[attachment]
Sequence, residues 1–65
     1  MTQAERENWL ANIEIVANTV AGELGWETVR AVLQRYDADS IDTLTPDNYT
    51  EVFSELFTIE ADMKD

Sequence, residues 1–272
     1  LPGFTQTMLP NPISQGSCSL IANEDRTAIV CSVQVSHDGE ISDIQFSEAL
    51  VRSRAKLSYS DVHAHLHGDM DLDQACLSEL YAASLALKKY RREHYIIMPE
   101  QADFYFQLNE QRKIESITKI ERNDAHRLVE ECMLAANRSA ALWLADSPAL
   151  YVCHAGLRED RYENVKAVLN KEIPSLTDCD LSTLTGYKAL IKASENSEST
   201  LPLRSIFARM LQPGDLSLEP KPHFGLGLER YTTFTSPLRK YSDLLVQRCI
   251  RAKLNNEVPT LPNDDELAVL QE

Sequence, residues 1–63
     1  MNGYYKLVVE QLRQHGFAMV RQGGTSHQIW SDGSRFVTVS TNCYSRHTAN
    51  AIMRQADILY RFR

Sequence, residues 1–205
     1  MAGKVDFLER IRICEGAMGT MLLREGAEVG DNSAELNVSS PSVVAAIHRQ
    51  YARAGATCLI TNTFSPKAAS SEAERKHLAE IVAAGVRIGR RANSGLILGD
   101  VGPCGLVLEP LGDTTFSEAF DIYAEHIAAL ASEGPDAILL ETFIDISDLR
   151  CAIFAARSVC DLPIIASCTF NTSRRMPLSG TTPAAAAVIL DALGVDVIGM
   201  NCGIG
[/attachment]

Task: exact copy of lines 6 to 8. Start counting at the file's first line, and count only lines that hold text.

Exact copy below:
    51  VRSRAKLSYS DVHAHLHGDM DLDQACLSEL YAASLALKKY RREHYIIMPE
   101  QADFYFQLNE QRKIESITKI ERNDAHRLVE ECMLAANRSA ALWLADSPAL
   151  YVCHAGLRED RYENVKAVLN KEIPSLTDCD LSTLTGYKAL IKASENSEST